While our study did find a potential pharmacogenetic association between CFH Y402H genotypes and efficacy of ranibizumab therapy, there are limitations to the study method. Since the study was retrospective in design, the predictive value of CFH genotypes could not be tested. The follow-up of patients was not consistent, and thus the cohorts at 6 and 9 months were not identical. While this could influence the results of the visual acuity outcomes, the recurrent event analysis is a type of survival analysis and thus is robust to variable follow-up and censored data. Finally, since there was not a placebo control group, the observed effects could potentially be based on the pathophysiology of natural disease rather than true pharmacogenetic effect.
In conclusion, we describe here the first association of a pharmacogenetic effect of the CFH Y402H variations with ranibizumab in exudative AMD. We found that response to treatment of AMD with ranibizumab differed according to CFH genotype, suggesting that further investigations are warranted to see if patients with the CC and TC genotype may need to be monitored more closely for disease recurrence than the TT genotype. Prospective studies are needed to confirm this association before any recommendation for genetic screening or change current standard of care with ranibizumab can be made.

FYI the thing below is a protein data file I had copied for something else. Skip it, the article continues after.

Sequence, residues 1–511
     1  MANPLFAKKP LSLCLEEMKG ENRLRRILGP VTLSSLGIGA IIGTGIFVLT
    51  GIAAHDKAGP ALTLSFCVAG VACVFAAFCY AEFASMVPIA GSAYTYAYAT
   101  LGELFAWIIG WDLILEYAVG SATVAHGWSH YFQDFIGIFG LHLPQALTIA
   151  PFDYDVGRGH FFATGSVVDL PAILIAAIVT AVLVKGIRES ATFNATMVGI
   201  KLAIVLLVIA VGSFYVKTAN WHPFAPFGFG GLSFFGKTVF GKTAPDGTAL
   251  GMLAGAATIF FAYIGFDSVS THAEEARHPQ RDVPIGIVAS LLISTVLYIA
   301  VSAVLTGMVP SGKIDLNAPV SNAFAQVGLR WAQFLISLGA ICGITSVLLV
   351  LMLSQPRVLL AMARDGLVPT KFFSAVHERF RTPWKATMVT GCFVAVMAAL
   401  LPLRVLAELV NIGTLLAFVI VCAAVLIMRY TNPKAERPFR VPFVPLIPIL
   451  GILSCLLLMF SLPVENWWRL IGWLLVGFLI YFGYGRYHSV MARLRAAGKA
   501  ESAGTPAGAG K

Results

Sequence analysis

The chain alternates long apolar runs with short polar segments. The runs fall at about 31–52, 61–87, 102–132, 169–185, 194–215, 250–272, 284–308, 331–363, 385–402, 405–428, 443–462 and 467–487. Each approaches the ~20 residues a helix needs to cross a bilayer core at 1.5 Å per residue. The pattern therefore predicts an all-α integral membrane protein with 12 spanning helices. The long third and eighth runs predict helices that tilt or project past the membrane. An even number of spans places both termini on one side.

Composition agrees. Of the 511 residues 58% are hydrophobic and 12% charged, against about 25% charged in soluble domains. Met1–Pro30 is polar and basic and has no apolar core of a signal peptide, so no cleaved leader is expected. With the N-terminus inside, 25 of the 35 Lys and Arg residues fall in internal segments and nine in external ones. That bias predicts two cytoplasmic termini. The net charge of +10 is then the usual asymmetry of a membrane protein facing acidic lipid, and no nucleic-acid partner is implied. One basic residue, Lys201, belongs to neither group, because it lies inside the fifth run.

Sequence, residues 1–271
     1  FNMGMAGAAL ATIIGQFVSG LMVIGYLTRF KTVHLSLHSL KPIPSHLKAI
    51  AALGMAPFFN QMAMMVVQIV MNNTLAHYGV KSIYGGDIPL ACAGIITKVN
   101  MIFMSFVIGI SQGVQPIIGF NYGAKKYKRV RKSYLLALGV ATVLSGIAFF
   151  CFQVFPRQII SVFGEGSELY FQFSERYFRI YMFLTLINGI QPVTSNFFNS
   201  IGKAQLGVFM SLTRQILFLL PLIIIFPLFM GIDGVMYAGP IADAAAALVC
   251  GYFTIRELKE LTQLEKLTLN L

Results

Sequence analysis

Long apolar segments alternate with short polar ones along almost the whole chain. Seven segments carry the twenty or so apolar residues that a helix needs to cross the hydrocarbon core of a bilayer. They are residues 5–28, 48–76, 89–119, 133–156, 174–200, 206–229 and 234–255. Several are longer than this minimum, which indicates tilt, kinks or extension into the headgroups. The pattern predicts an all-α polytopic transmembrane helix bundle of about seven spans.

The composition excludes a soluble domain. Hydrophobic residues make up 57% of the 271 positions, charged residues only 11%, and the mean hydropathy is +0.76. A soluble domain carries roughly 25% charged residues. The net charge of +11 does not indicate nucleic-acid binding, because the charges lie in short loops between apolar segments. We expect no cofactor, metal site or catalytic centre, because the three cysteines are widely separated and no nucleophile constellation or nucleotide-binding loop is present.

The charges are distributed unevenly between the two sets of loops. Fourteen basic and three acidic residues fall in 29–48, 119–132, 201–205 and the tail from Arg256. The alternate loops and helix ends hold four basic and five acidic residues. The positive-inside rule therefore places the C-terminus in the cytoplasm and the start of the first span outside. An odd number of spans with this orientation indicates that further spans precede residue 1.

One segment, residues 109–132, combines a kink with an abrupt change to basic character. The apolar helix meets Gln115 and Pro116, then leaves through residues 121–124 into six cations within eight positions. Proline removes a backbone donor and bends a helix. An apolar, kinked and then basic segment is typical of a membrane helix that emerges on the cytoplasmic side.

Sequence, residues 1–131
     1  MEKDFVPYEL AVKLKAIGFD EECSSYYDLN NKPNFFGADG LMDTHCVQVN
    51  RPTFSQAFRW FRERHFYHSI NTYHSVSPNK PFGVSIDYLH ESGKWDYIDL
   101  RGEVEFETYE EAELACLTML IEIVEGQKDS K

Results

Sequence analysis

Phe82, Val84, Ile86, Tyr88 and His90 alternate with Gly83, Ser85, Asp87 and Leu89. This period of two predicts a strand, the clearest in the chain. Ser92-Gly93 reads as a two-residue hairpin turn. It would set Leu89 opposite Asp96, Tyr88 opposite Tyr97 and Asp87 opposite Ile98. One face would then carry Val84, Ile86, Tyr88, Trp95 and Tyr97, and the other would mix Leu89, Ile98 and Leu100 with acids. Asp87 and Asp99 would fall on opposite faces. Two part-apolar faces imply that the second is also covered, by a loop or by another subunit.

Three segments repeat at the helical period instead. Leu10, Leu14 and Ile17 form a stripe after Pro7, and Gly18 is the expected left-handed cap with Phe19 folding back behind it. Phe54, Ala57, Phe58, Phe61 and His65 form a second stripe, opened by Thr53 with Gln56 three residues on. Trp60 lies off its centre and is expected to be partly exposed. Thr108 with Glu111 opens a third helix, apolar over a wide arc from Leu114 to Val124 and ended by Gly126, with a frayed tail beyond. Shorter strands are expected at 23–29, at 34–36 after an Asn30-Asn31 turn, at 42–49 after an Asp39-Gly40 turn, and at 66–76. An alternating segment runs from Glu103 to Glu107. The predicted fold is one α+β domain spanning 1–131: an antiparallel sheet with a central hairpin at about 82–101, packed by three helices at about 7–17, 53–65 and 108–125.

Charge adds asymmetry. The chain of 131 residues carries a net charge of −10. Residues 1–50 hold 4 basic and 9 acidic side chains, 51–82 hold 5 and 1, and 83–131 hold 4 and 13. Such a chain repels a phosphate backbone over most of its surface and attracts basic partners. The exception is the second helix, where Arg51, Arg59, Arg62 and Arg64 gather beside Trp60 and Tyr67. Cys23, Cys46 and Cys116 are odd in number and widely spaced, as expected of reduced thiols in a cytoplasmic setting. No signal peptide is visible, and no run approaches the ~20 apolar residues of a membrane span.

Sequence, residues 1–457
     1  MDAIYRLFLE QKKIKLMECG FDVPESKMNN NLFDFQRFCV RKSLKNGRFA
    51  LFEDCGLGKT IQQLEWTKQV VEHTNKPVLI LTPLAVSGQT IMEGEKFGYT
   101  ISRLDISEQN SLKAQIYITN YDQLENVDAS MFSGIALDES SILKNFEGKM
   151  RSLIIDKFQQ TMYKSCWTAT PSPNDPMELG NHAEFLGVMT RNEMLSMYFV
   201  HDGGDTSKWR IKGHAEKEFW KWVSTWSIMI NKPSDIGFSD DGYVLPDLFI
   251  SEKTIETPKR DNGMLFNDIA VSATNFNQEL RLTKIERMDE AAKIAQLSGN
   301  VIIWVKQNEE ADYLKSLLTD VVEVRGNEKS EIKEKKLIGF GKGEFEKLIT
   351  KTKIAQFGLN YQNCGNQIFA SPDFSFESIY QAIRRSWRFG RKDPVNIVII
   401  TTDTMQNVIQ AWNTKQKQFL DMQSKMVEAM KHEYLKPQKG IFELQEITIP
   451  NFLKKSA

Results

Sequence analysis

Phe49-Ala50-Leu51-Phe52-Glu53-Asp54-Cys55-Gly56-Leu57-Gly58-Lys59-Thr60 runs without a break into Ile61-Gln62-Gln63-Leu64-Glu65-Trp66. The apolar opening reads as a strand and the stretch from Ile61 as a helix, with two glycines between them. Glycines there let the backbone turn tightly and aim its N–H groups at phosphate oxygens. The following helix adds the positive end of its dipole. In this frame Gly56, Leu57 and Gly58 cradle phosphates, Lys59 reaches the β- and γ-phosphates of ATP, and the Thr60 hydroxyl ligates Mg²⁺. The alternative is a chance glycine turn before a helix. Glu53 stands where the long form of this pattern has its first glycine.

ACKNOWLEDGEMENTS
The authors would like to thank the physicians of the Barnes Retina Institute for generously contributing their time and patients to this study and the Human Genetics Division Genotyping Core at the Washington University School of Medicine.
FUNDING
This work was supported by NIH grant T32RR023255 and UL1RR024992 to Washington University School of Medicine (AYL and AKR), the Jahnigen Career Development Award from the American Geriatrics Society (MAB), the Carl M. & Mildred A. Reeves Foundation (MAB), NEI grant EY012284 (AS), NEI Core Grant 5 P30 EY02687, and a grant from Research to Prevent Blindness to the Department of Ophthalmology and Visual Sciences at Washington University School of Medicine.
Footnotes
COMPETING INTERESTS: SK receives funding from Allergan and Pfizer.